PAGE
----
Monday, August 08, 2005

DVD: Stone Reader (2003)

As if reading this V. S. Naipaul interview and accompanying essay on whether “nonfiction is better suited than fiction to capturing the complexities of today’s world” wasn’t bad enough, yesterday I watched SIDEWAYS again. Which opens with would-be novelist Paul Giamatti being told that reading fiction in this day and age is simply a waste of time.

Such pessimism would be enough to send me to my sickbed if I hadn’t spent a few hours watching Mark Moskowitz’s winning documentary and tooling around the accompanying website. This dense and textured film is a meditation on the power that novels have over their readers, an exploration of the fate of literature in the digital age, and an investigation into the fate of one particular writer: Dow Mossman, whose only book THE STONES OF SUMMER had a galvanizing effect on Moskowitz. It’s strange that a film got me more excited about fiction than anything that I’ve read in recent years.

The conceit of structuring the movie as a hunt for Mossman is corny but enjoyable; I’m sure I could have turned the author up in a day and half. (I believe it’s the destination, not the journey, which is why I’m not a documentarian.) I would have started at the University of Iowa, where Mossman studied. One thing the movie makes plain is that the Writers Workshop there is the center of American letters, a literary Holy See in the heartland.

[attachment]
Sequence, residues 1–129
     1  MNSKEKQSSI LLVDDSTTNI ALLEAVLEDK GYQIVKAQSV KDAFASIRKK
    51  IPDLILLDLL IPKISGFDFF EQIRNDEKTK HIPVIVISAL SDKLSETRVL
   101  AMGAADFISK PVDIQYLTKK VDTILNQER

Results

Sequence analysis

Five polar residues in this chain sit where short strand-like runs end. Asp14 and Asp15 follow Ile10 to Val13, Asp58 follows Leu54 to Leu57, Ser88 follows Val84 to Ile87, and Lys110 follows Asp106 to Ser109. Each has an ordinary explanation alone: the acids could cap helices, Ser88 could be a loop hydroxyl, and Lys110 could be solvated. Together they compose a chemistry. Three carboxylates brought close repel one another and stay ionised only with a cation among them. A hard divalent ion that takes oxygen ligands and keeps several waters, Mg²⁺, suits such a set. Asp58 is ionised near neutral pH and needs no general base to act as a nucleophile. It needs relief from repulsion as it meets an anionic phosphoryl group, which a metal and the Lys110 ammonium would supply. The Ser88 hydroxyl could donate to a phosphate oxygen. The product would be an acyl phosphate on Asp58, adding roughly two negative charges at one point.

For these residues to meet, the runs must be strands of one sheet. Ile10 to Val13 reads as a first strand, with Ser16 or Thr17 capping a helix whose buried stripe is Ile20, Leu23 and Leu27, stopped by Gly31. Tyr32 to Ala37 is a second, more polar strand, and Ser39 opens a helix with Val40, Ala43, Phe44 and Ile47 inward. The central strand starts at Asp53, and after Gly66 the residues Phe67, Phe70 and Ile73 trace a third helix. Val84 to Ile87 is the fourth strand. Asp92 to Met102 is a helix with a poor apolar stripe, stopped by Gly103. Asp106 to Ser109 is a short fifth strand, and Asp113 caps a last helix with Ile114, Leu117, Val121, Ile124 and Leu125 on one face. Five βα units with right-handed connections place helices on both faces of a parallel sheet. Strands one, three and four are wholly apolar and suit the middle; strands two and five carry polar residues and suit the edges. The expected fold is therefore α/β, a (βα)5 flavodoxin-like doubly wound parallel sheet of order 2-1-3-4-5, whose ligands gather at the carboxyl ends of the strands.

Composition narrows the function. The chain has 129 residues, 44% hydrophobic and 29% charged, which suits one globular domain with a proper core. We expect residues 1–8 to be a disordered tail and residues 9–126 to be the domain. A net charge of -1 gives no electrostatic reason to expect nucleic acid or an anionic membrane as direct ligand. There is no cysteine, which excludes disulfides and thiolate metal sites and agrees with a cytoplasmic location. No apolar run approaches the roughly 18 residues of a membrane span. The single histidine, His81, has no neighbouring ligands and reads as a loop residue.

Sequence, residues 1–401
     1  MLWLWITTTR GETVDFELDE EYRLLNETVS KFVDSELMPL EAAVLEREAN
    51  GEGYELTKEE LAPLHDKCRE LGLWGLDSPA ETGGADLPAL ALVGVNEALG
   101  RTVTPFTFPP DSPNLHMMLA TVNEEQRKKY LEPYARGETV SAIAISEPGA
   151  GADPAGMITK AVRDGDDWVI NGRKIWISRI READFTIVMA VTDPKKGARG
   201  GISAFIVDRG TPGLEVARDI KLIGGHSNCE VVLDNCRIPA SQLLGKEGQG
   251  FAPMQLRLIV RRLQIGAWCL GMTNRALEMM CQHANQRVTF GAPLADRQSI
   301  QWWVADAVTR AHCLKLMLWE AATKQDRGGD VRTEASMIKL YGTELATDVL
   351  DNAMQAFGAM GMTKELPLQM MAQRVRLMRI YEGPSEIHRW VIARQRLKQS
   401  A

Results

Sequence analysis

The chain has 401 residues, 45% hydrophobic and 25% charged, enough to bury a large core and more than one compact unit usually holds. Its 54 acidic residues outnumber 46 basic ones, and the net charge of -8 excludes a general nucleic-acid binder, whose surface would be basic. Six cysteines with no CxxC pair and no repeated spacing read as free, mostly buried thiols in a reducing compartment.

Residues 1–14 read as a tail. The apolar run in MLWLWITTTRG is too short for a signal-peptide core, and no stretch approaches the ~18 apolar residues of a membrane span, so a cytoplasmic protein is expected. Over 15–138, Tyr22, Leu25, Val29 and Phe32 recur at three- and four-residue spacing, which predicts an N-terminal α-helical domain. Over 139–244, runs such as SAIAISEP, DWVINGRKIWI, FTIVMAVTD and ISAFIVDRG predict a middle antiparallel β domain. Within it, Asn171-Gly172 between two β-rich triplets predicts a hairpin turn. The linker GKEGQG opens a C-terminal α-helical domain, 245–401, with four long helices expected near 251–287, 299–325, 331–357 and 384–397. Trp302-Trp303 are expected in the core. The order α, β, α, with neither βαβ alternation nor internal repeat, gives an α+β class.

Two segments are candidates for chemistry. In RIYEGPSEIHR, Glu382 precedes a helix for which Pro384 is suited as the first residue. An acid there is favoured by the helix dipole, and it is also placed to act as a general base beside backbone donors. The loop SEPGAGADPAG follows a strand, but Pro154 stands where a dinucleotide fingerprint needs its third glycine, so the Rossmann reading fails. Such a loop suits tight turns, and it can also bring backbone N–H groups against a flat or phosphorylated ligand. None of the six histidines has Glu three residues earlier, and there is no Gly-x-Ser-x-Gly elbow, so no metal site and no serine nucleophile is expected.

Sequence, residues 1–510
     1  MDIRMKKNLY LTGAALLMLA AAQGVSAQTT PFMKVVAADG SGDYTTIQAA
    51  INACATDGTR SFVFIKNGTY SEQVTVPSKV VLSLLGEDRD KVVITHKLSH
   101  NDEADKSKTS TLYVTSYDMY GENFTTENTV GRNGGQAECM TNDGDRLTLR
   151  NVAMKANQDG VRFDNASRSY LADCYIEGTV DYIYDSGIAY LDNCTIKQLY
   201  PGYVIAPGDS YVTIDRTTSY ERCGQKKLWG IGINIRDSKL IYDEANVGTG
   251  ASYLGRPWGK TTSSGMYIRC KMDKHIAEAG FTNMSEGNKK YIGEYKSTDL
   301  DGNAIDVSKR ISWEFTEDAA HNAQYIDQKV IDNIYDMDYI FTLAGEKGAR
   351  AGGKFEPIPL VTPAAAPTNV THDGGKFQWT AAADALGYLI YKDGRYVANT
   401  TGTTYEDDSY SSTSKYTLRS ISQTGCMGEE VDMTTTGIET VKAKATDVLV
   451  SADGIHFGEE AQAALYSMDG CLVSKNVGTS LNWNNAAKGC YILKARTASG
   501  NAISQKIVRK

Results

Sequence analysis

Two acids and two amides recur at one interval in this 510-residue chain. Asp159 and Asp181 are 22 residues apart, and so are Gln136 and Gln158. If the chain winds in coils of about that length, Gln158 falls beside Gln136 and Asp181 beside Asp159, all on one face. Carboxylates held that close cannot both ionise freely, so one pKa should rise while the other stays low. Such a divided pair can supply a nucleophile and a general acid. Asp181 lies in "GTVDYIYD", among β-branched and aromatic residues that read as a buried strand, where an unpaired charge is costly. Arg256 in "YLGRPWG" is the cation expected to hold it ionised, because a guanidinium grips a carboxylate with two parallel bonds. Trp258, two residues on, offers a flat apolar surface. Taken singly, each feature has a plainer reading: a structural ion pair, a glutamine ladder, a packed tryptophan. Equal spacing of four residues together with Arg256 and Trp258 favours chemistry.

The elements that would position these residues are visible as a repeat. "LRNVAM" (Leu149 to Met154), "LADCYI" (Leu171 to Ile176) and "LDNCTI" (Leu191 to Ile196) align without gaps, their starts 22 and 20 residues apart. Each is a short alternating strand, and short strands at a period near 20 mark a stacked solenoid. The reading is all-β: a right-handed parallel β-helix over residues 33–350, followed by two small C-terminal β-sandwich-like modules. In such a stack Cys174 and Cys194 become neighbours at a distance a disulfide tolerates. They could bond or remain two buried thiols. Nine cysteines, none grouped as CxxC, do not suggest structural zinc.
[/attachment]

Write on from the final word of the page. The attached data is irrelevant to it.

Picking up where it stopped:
It’s only fitting that writer, editor, and friend of both Dow Mossman and this website Ed Gorman turns up in the film, as his blog offers some of the best commentary on the current state of publishing. Not just from Ed but from novelists like Terrill Lee Lankford and Richard Wheeler.

R.I.P. Peter Jennings

I don’t have much to say about the late ABC anchorman that wasn’t voiced in this heartfelt tribute from the folks at Gawker.

Several years ago he did WORLD NEWS TONIGHT from Kerry Park in Seattle. When I wandered past early in the day Jennings was already there, taping intros for that night’s broadcast. The only word to describe his appearance was dashing; he was richly tanned, wearing one of his signature trench coats.

He spotted me hanging around and offered a smile and a cordial nod. I suppose I could have approached and said a few words to him, but I chose not to. I was content to watch one of the best in the business practice his craft in person.